Ultimately, whether Francis is a heretic is of little to no consequence to our lives. We have our duty of state to see about. We keep the faith and pray for perseverance during the crisis. Maybe Cd. Burke and his crew will do something about the situation and maybe not. Whatever happens, we have the sacramamets and the Catholic life as it's been given to us by our forebears.

Fr. Michael J. Kavanaugh said...

President Trump and Pope Francis may - MAY - both be populists, although I think that is too shallow an analysis of the Pope. The difference I see is that Trump is a populist for what he understands to be his own benefit while the Pope is a populist for what he understands to be the good of the Church.

As far as the President is concerned, populism is good for winning elections, but it is not good for governing a nation as it is based on fanning the flames of alienation. David Brooks writes in today's NYTimes, "Worse, alienation breeds a distrust that corrodes any collective effort. To be “woke” in the alienated culture is to embrace the most cynical interpretation of every situation, to assume bad intent in every actor, to imagine the conspiratorial malevolence of your foes."

To echo Martin, readers will be aghast. But understanding the difference is essential in forming judgments about each man.

Anonymous 2 said...

To supplement Father Kavanaugh’s observation, one other difference between their rhetoric is that the Pope does not constantly utter falsehoods. President Trump does—several times a day it seems.

On another point, this inquiring mind really wants to know what the Trump supporters and apologists here have to say about all the positive things Trump now has to say about the religion of Islam. I have wanted to put them to this question ever since Trump referred to the children who were the victims of April’s apparent chemical weapons attack in Syria as “children of God.”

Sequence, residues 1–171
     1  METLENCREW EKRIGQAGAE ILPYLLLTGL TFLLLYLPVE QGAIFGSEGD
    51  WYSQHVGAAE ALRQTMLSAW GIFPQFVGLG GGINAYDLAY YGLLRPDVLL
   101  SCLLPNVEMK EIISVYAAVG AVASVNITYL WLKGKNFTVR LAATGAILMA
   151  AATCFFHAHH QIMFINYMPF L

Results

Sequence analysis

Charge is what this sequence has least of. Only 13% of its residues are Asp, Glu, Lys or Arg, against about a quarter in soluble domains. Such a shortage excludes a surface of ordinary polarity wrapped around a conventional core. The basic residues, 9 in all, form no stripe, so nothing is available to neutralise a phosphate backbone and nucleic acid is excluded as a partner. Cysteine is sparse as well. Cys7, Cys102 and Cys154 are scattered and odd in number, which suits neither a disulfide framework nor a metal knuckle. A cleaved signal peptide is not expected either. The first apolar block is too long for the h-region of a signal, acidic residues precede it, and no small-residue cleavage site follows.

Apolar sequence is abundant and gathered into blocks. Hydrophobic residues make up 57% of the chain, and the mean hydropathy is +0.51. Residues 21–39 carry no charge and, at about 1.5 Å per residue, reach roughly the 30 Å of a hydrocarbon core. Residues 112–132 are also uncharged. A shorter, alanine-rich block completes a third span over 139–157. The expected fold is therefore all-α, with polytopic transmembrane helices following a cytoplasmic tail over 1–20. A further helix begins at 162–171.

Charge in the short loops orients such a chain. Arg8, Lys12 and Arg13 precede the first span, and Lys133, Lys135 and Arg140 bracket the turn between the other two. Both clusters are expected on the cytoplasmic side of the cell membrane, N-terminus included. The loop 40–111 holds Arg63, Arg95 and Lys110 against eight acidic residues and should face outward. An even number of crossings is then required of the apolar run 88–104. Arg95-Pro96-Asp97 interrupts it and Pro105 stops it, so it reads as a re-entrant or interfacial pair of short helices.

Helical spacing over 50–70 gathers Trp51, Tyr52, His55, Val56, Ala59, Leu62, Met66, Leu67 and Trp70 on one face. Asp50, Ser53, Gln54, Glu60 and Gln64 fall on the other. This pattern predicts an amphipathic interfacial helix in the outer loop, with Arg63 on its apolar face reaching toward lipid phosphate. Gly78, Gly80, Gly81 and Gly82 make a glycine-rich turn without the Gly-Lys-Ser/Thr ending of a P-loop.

So, what do the Islam bashers here think about the following statements made by Trump in Sunday’s speech in Saudi Arabia?

“Saudi Arabia is home to the holiest sites in one of the world's great faiths. Each year millions of Muslims come from around the world to Saudi Arabia to take part in the Hajj. . . .

Every time a terrorist murders an innocent person, and falsely invokes the name of God, it should be an insult to every person of faith. Terrorists do not worship God, they worship death.”

It could be the Pope talking.

Is it now PC in Trump World to speak positively about Islam and Muslims because the Great Leader has said these things?

Or is all this just another falsehood on Trump’s part?

Fr Martin Fox said...

Fr. Kavanaugh writes:

"The difference I see is that Trump is a populist for what he understands to be his own benefit while the Pope is a populist for what he understands to be the good of the Church.

Father, how can you know that Mr. Trump knowingly ("what he understands...") seeks his own benefit -- as opposed to what he thinks, rightly or wrongly, to be for the good of the country?

I'm not interested in debating the merits of Mr. Trump's proposals. I'm interested to know how you can know this about his inner life.

Fr. Michael J. Kavanaugh said...